The Inflation Reduction Act Increased Taxes For All Taxpayers

According to the Joint Committee on Taxation, will raise billions of dollars in taxes on Americans making less than $400,000 annually.” The United States Senate voted 51-50 to pass the bill on August 7, 2022, and the United States House of Representatives voted 220-207 to pass the bill on August 12, 2022. The roughly $700 billion legislation cleared Congress without a single Republican vote.

In 2023, taxes will increase by $16.7 billion on American taxpayers earning less than $200,000—a nearly $17 billion tax targeted solidly at low-and middle-income earners next year, amidst stagflation.

The $17 billion hit alone is confirmation that the Biden pledge to not raise taxes on anyone earning less than $400,000 is shattered by the latest tax-and-spend bill.
The proposal would raise another $14.1 billion from taxpayers earning between $200,000 and $500,000.
According to JCT data, 98 percent of all tax returns filed by those in the $200,000 to $500,000 category are filed by those earning between $200,000 and $400,000, with at least three-fourths of the income in the $200,000 to $500,000 category also coming from those below $400,000, meaning it is likely that at least half of all new tax revenue raised next year would come from those earning under $400,000.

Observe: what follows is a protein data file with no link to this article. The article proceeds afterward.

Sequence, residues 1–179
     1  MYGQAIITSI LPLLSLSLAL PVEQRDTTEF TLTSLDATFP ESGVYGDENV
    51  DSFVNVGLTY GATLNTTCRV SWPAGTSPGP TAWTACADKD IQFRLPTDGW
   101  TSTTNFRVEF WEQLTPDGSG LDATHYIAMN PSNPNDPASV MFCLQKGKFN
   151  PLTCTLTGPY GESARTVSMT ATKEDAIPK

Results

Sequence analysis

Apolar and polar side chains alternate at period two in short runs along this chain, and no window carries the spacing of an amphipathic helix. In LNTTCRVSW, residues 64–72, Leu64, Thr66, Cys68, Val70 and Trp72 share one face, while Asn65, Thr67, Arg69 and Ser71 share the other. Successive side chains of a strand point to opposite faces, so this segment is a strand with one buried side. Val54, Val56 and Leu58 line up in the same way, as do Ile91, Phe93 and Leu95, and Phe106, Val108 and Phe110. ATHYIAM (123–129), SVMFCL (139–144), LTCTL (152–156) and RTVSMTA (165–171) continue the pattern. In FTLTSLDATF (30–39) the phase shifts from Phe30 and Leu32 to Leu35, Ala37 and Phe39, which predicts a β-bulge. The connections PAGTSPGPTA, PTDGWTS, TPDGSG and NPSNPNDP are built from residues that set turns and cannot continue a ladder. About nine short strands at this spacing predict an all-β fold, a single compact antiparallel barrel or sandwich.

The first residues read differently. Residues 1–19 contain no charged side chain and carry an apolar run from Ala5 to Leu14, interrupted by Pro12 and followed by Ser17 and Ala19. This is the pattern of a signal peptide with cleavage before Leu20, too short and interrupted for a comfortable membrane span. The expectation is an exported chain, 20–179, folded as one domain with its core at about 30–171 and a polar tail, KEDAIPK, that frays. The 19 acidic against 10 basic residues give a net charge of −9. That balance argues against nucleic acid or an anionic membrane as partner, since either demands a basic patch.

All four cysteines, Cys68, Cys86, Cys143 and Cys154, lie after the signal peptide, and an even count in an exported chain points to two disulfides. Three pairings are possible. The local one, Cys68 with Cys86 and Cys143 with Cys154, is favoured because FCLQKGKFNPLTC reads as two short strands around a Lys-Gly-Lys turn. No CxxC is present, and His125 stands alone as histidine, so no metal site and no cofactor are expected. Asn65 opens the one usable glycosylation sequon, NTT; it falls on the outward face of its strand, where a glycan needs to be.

Throughout the ten-year window, the average tax rate for nearly every single income category would increase.
By 2031, when the new green energy credits and subsidies provide an even greater benefit to those at higher incomes, those earning below $400,000 are projected to bear as much as two-thirds of the burden of the additional tax revenue collected that year.